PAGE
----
Two years after making a surprise acquisition of Whole Foods, Amazon is about to go even deeper into the grocery business by launching a completely new chain of its own. One that’s separate from Whole Foods and with prices that reportedly would undercut Whole Foods, notorious for its expensive premium items.
That news comes via The Wall Street Journal, and marks Amazon’s continued push into the real world of brick-and-mortar retail, with Amazon’s presence now including everything from physical book shops to convenience stores.
What we know so far: Amazon’s ambition here is to launch a new chain with “dozens” of stores, starting with one in Los Angeles that could open as early as this year. Other markets that have apparently caught the retail giant’s interest for this include San Francisco, Seattle, Chicago, DC, and Philadelphia. In some markets, it’s more than “interest,” since Amazon has reportedly already started quietly signing leases related to this effort.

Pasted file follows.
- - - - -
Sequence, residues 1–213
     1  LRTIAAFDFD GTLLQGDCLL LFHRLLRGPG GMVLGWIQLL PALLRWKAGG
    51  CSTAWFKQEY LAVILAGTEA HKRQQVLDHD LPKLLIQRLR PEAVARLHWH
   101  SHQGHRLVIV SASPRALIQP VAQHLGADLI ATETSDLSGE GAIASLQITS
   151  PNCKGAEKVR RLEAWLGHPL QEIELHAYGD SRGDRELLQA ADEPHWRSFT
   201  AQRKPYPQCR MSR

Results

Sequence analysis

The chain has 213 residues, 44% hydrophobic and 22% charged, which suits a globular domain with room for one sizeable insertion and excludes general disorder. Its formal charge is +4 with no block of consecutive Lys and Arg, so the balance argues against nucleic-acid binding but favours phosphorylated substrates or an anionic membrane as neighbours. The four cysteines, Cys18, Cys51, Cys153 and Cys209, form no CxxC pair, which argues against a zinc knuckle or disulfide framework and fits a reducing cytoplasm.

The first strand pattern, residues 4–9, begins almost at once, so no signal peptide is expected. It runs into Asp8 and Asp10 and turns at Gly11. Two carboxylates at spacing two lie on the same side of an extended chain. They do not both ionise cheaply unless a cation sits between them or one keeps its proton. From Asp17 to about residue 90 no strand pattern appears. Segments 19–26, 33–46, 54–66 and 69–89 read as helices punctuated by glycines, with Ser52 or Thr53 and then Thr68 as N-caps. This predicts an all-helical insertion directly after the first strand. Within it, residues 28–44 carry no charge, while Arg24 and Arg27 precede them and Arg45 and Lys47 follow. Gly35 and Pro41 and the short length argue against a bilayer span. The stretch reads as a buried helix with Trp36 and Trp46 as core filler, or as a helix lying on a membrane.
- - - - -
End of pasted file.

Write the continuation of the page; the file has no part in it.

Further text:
The locations would be smaller than your typical 60,000-square-foot store, measuring closer to around 35,000 square feet, according to the WSJ’s reporting. Related to this is the possibility that Amazon is apparently also considering outright buying up a regional grocery chain or two.
The Whole Foods angle here is certainly intriguing, given the assumption that Amazon’s acquisition of it was the company’s entry point into the space, albeit a surprising one. Amazon of course gave no indication it would consider launching a cheaper version of its own later — which is how this will be seen, though the unofficial comments at this stage point to the new grocery chain not being intended as a direct competitor to Whole Foods.
Yes, it will offer cheaper goods, but will also reportedly include a different product mix than Whole Foods’. One thing that’s not clear is whether the new chain will include some kind of Amazon-specific branding, or if the company will come up with a new name for it. And, no surprise, Amazon isn’t commenting on any of this yet.
As we mentioned, this is one more complement to the increasingly real-world portion of Amazon’s vast retail portfolio, which also includes a rollout of cashier-free Amazon Go stores. There are currently 10 of those, according to the company.